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Finance Interviews 101. Introduction. Danielle Dagenais Finance Career Advisor Desautels Faculty of Management Mak Doric Investment Banking Full-Time Analyst Goldman Sachs, Calgary m Agenda. Interview Format

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Finance interviews 101

Finance Interviews 101



Danielle Dagenais

Finance Career Advisor

Desautels Faculty of Management

Mak Doric

Investment Banking Full-Time Analyst

Goldman Sachs, Calgary



  • Interview Format

  • General Interviewing Tips

  • Behavioural Questions

  • Valuation

  • The Infamous Accounting Question

  • Sample Technical Questions

Finance interviews 101


Interview format

Interview Format

  • First Round

    • 30-45 minutes

    • Behavioural and lots of technical

    • One to six interviewers

  • Second Round

    • 3-4 hours

    • Even more technical (reactions under fatigue/pressure)

    • One, two, or panel interviewers

The first half minute

The First Half Minute




The first half minute1

The First Half Minute




The first half minute2

The First Half Minute

  • Posture

  • Handshake

  • Expression

  • Eye Contact

  • Walk

Cocktails d inners

Cocktails & Dinners

  • Make it about them

  • Circulate

  • Questions to ask:

    • What made you choose [insert firm’s name]?

    • What do you find most challenging in your work?

    • How did you make your way to investment banking?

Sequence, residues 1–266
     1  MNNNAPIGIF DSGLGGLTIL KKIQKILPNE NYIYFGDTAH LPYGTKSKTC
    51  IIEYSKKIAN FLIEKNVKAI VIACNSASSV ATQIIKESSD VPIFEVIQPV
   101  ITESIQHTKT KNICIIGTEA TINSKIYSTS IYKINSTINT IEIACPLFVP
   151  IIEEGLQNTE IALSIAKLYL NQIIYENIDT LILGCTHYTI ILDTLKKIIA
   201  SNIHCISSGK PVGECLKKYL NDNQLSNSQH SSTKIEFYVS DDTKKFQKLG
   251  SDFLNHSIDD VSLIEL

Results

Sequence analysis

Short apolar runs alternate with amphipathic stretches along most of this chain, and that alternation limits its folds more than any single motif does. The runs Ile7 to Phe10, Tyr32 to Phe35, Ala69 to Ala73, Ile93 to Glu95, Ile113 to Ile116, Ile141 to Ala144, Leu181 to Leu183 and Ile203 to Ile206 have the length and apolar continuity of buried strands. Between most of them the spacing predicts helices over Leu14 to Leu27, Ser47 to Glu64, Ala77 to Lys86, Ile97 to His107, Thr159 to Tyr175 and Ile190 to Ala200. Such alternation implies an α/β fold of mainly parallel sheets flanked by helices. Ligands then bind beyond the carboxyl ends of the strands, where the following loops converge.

• In what industries does your office see the most dealflow?

    • Would I go to one industry group or be a generalist?

    • How would you describe the culture of your office?

    • What is the most important quality for an analyst to have?

    • Ask questions about your interviewer : Show you listene.g. “How did the New York office compare to Toronto?”

Cocktails dinners

Cocktails & Dinners

Come across as an interesting and ambitious person, fun and enjoyable to work with

  • Do not:

    • Ask nerdy finance questions

    • Talk about how bad the markets are

    • Talk about what you do not know

    • Be cocky

  • Do:

    • Expect out of the blue questions about the economy and investing

    • Show an interest in others

    • Use your other interests conversationally

Answering questions

Answering Questions


Organize your answers and use your fingers


Take the time to think about the question before answering


Walk through your logical thinking process


Be confident and comfortable, calm, not arrogant


Differentiate, summarize and be aware of reaction


Be intelligible - particularly if you have a foreign accent

Walk me through your cv

Walk me through your CV?

Walk me through your cv1

Walk me through your CV?

Why investment banking

Why investment banking?

Tell me about a stock you love

Tell me about a stock you love?

Where did the djia close yesterday

Where did the DJIA close yesterday?

Where did the tsx close yesterday

Where did the TSX close yesterday?

What is underwriting

What is underwriting?

What goes into a pitch book

What goes into a pitch book?

Other classics to prepare

Other classics to prepare

  • Did you listen in the company sessions:

    • Why our firm?

    • Tell me about a deal our firm is involved in?

  • Key experience stories:

    • Tell me about a time you displayed leadership?